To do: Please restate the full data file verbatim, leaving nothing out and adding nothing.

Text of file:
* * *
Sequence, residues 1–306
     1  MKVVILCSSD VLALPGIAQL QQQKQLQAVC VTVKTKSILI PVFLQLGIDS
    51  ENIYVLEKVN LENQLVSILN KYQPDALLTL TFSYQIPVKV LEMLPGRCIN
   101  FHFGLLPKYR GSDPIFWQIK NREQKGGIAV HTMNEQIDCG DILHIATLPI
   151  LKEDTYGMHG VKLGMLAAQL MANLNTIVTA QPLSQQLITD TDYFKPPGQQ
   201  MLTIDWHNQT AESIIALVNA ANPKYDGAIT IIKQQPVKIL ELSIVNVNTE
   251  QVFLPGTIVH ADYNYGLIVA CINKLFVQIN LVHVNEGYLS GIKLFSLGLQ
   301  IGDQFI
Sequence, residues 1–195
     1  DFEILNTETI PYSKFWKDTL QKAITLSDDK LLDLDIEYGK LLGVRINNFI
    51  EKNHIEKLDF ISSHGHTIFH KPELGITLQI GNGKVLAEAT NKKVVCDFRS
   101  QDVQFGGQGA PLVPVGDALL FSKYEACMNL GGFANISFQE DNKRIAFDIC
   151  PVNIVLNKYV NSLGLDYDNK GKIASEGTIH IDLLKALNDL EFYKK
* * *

Sequence, residues 1–306
     1  MKVVILCSSD VLALPGIAQL QQQKQLQAVC VTVKTKSILI PVFLQLGIDS
    51  ENIYVLEKVN LENQLVSILN KYQPDALLTL TFSYQIPVKV LEMLPGRCIN
   101  FHFGLLPKYR GSDPIFWQIK NREQKGGIAV HTMNEQIDCG DILHIATLPI
   151  LKEDTYGMHG VKLGMLAAQL MANLNTIVTA QPLSQQLITD TDYFKPPGQQ
   201  MLTIDWHNQT AESIIALVNA ANPKYDGAIT IIKQQPVKIL ELSIVNVNTE
   251  QVFLPGTIVH ADYNYGLIVA CINKLFVQIN LVHVNEGYLS GIKLFSLGLQ
   301  IGDQFI
Sequence, residues 1–195
     1  DFEILNTETI PYSKFWKDTL QKAITLSDDK LLDLDIEYGK LLGVRINNFI
    51  EKNHIEKLDF ISSHGHTIFH KPELGITLQI GNGKVLAEAT NKKVVCDFRS
   101  QDVQFGGQGA PLVPVGDALL FSKYEACMNL GGFANISFQE DNKRIAFDIC
   151  PVNIVLNKYV NSLGLDYDNK GKIASEGTIH IDLLKALNDL EFYKK